Studies continually show us that the rate of adoption for electronic medical records in small practices continues to grow, but there are still considerations for each individual branch of medicine. Each field requires a different approach, and a unique interface (templates) pertaining to how they diagnose, chart and treat patient conditions.
Implementing Ob Gyn EMR Software is one such field, requiring its own unique considerations before physicians make a switch from standard paper charting and practice management software to a complete electronic medical records system designed for an OB/Gyn practice.
Considerations for OB/GYN EMR Software
One of the first decisions to make with OB/Gyn EMR software is how to handle the integration. This is actually common to a wide variety of medical clinics. On one hand, a clinic and practicing physicians may decide to only document new visit and patients with the electronic medical records, leaving old patient data in its existing format.
Another approach has staff not only documenting new patients in the Ob/Gyn EMR software, but existing patients are recording from day 1. Both of these methods have their pros and cons. If you're only documenting new patients then the conversion from a paper charting system and simple practice management software to a new electronic medical records system is extremely easy.
Mixing all of your patients and loading old data into the system can be a significant drain on staff resources and increase the cost of implementation. With this method, there is far less of a slowdown and a reduced demand on provider productivity.
The downside unfortunately is that you're running two systems for tracking patient data. Your old patients are still in the original charting method, which means tracking things like prescriptions is done manually. Also, there's still the existing chance of errors in hand-written charting.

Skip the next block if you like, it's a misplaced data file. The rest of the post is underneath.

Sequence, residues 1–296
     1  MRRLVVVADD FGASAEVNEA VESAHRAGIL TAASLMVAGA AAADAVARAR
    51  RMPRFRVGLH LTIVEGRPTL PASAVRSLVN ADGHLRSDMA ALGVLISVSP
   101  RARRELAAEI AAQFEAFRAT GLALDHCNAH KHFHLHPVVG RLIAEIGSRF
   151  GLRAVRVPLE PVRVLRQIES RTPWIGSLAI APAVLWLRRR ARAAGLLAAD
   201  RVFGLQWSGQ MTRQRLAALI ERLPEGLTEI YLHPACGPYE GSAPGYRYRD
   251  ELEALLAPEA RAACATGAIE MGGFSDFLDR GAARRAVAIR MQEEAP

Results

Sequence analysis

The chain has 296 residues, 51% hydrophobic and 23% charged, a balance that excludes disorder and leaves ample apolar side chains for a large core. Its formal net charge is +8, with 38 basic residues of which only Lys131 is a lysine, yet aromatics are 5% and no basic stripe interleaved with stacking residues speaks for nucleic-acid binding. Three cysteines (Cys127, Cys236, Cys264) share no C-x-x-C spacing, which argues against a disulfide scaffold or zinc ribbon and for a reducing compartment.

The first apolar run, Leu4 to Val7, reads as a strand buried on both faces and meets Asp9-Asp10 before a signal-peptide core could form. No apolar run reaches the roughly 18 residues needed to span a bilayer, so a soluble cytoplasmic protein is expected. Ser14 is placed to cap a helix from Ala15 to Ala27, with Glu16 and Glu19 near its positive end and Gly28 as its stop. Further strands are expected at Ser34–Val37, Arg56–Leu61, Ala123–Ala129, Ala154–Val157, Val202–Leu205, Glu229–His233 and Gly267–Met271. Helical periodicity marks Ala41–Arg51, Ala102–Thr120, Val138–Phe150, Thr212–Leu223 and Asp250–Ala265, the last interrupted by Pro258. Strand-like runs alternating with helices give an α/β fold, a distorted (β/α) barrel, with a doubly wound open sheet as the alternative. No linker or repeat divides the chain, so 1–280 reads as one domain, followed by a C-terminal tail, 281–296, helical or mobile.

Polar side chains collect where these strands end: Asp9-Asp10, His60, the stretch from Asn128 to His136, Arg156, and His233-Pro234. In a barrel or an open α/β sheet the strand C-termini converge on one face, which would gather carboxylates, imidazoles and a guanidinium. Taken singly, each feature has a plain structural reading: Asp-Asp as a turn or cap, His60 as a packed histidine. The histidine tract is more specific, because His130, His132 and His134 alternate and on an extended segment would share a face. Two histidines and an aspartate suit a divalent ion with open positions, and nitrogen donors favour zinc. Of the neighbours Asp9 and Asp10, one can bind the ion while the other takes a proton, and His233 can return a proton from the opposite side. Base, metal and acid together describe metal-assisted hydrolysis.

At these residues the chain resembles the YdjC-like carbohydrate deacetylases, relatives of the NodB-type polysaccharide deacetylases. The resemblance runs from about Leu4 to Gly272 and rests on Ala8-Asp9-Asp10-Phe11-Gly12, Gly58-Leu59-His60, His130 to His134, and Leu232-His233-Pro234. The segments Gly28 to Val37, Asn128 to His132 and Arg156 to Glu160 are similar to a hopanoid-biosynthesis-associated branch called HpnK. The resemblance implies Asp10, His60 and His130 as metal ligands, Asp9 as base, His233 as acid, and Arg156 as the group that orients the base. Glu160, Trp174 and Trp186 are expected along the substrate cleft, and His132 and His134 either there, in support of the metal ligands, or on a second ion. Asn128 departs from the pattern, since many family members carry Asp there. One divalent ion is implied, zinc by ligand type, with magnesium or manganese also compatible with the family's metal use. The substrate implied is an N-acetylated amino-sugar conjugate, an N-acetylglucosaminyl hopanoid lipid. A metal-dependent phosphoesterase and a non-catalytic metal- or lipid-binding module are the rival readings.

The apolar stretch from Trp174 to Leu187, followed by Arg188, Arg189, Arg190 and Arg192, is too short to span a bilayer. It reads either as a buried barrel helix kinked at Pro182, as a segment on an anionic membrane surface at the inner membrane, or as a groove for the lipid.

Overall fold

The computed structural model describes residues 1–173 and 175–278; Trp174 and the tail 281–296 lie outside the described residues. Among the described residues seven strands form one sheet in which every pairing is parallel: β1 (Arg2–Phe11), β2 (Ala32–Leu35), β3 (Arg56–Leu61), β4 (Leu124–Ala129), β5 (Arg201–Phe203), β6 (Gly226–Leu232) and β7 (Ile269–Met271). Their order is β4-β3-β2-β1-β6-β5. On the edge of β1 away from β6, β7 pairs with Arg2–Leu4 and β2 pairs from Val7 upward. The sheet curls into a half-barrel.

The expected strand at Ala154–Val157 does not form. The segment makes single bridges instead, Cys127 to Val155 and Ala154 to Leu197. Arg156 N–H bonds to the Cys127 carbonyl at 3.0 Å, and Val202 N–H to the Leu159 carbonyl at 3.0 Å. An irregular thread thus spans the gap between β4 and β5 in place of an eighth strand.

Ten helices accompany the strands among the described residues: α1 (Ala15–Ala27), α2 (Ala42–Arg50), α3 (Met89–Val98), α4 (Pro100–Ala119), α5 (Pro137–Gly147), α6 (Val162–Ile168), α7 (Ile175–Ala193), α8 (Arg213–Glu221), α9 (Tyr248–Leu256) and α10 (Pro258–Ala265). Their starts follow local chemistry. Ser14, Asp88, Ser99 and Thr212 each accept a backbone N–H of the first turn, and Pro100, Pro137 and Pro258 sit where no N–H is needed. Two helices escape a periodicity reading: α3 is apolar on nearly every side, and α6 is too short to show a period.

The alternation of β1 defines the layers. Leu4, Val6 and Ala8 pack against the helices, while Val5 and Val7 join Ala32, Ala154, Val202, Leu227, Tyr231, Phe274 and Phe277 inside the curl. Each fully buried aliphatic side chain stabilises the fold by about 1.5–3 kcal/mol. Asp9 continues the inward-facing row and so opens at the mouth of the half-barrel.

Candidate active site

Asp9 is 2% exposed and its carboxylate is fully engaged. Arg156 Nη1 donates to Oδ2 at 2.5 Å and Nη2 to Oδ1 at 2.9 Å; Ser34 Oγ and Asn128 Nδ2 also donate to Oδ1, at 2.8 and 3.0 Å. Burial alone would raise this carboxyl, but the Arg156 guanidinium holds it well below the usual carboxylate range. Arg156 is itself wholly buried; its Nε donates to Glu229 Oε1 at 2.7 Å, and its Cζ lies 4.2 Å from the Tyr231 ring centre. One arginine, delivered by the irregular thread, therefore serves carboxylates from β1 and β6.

Merging the Systems for the Best Ob Gyn EMR Software Conversion
The best approach for many practices, especially smaller ones with a reduced patient count, is to fully merge their recording methods into a single system. It's not an easy task, but it's worth it in the end because every patient you treat will become a part of your electronic medical records. This allows you to enjoy the full benefits of such a system.
Keep in mind that the initial implementation will be a demand on your staff. It can often take several weeks to move existing patients into electronic medical records. The benefit to this period however is that each individual within your practice who takes part in loading patient data will be extremely-well versed and efficient at quickly and correctly documenting patient visits.
That load time for putting OB/Gyn patients in the EMR software doubles as an intense training period. If this is the chosen route you want to take, then keep a few things in mind to prepare your practice for the implementation of the complete EMR system.
- Set a time goal for implementation as well as when paper charting will be fully retired. This will keep you on task for making the full move over to electronic charting
- Assign tasks to staff so everyone understands where information is entered and by whom. Example: Decide which items are documented by staff RN's/MA such as baseline vital, LMP, urine dips, etc.
- Assign which items are entered by the physician
- Setup a fact-check and error proofing process when moving paper charts into the Ob/Gyn EMR software. This helps verify that patient information and treatment tracking is fully accurate before it's loaded into the electronic medical records.
- For obstetrical practices that participate in UDS reporting, the date of the first visit, the trimester first seen, and whether the first visit was here or elsewhere should be entered.
If you choose to run a dual system where old records/visits remain on paper, but new visits are recorded electronically, then simply mark dates within your paper charts for patients that note something similar to "see electronic medical record".
While it's not necessary to transfer all of the patient data into the computer under a dual system, you'll want pertinent information like allergies to be recorded electronically as well as on paper, because allergies, diagnoses, problems, etc. that are left blank are seen as "no allergies" "no problems", etc.
Ultimately, no matter which approach you take, a transition to Ob/Gyn EMR software will greatly benefit your practice. You simply need to decide which method of implementation best fits your staff and resources.